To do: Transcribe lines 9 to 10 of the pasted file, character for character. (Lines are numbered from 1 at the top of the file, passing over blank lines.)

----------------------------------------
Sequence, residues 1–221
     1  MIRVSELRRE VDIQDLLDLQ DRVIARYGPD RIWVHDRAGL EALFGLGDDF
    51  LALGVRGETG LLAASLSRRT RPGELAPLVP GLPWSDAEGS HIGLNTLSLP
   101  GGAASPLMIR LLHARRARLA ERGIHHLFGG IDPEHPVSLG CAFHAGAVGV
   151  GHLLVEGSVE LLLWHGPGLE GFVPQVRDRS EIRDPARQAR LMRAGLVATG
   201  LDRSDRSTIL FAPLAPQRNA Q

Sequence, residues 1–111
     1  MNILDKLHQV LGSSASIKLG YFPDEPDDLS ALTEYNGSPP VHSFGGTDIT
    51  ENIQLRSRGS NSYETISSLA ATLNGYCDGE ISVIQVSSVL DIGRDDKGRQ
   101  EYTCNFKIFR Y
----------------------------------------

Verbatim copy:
    51  ENIQLRSRGS NSYETISSLA ATLNGYCDGE ISVIQVSSVL DIGRDDKGRQ
   101  EYTCNFKIFR Y